15 And another angel came out of the temple, crying with a loud voice to him that sat on the cloud, Send thy sickle and reap; for the hour of reaping is come, for the harvest of the earth is dried. 16 And he that sat on the cloud put his sickle on the earth, and the earth was reaped. vv.15-16 As with the vintage judgement (v.18), so with the harvest judgment, an angelic messenger is the trigger. Here the voice comes out of the temple, the direct presence of God, showing that this judgment is required because of a direct insult to His name (Jer. 7:14). The harvest is a discriminating judgment (winnowing), separating, taking the wicked and leaving the just (Matt. 24:38-43). No doubt there is a connection here with the parable of the tares, where v.16 is the completion of the age. The vintage judgment by contrast is indiscriminate. The Lord will “put his sickle on the earth” by sending out His holy angels (Matt. 13:41). The earth will be “reaped” by the wicked being “taken” out for judgment and cast into the “furnace”, or the Lake of fire.

(#7) The Vintage, or Indiscriminate, Judgment (14:17-20)

¶ 17 And another angel came out of the temple which is in the heaven, he also having a sharp sickle. v.17 Another angels is seen, and this angel also is the Lord Jesus, who will tread the wine-press alone (Isa. 63:1-6). Why is the Lord pictured as an angel? Perhaps it is because this is something the Lord does personally, so He appears as a warrior angel because judgment is His “strange work” (Isa. 28:21). The angel comes out of “the temple which is in heaven” because this judgment arises from the glory of God’s presence. This angel has “a sharp sickle”, just like with the harvest judgment, because both events are judgment, although they have a different character.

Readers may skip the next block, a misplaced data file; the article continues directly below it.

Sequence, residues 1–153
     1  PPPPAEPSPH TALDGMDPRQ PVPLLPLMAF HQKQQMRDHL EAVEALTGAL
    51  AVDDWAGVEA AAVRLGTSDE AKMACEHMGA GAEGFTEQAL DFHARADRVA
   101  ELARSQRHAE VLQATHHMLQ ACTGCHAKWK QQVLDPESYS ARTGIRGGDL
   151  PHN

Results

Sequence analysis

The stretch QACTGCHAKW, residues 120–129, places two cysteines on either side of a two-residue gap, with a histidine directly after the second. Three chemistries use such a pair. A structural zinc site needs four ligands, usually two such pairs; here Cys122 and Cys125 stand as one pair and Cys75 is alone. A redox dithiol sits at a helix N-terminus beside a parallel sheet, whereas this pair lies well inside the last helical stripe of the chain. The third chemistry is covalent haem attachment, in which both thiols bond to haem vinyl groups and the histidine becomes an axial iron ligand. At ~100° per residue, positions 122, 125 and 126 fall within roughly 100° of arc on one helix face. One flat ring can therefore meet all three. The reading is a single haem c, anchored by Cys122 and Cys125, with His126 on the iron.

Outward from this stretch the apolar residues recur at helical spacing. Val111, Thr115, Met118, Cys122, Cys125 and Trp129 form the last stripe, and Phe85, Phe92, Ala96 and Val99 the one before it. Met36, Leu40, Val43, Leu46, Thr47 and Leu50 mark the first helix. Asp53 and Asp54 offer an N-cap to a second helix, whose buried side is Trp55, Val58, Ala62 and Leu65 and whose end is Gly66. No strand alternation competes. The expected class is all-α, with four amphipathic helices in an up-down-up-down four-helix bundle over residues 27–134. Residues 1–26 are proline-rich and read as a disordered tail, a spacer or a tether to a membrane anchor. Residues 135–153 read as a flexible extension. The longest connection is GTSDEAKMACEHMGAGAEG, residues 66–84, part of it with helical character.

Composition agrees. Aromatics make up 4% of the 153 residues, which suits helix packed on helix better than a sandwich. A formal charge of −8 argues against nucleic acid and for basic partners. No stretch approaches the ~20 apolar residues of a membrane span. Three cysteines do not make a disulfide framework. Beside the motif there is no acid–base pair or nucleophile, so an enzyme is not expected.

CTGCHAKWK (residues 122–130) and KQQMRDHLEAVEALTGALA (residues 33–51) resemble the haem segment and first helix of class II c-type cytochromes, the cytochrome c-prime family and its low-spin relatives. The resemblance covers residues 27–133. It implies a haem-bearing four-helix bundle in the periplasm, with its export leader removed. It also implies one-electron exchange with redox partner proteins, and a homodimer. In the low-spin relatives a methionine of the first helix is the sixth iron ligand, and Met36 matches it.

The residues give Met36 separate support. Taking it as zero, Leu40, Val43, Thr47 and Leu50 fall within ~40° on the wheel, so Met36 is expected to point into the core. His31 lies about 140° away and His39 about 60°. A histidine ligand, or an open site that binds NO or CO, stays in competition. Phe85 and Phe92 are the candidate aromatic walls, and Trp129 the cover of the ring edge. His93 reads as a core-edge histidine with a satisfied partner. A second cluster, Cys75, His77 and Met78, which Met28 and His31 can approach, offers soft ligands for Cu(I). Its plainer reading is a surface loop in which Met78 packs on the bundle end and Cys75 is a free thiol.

18 And another angel came out of the altar, having power over fire, and called with a loud cry to him that had the sharp sickle, saying, Send thy sharp sickle, and gather the bunches of the vine of the earth; for her grapes are fully ripened. v.18 A second angel appears, this time coming out of the altar. This is the brazen altar, and it speaks of judgment against sin. This second angel has “power over fire”; he is an executor of God’s judgment. This angel cries to the other with the sickle, calling for him to gather the ripe grapes. The second angel represents the moral basis for the vintage judgment; God’s holiness in judgment against sin. The first angel represents God’s power in judgment; the agent being none other than the Lord Himself; “And I looked, and there was none to help; and I wondered that there was none to uphold: therefore mine own arm brought salvation unto me; and my fury, it upheld me” (Isa. 63:5). The bunches of grapes grow on the “vine of the earth”, which is in contrast with “the true vine” of John 15. This vine of the earth represents apostate religion; the corruption of what should have been fruit-bearing. If we keep in mind that Revelation 12 – 14 are looking primarily at the judgment of Israel, then the vine is specifically apostate Israel. We read in Ezekiel 20 that the Lord will “purge out from among you the rebels, and them that transgress against me: I will bring them forth out of the country where they sojourn, and they shall not enter into the land of Israel: and ye shall know that I am the LORD” (Ezek. 20:38). As the returning tribes enter the land, those in unbelief will be entrapped on the border; the vine of the earth, fully ripened, ready for judgment. But though apostate Israel is at the center, Gentiles are mixed in, though not the focus here. The wine-press is the unmingled fury of God poured out on those who have rebelled against Him. There are three steps in this judgment: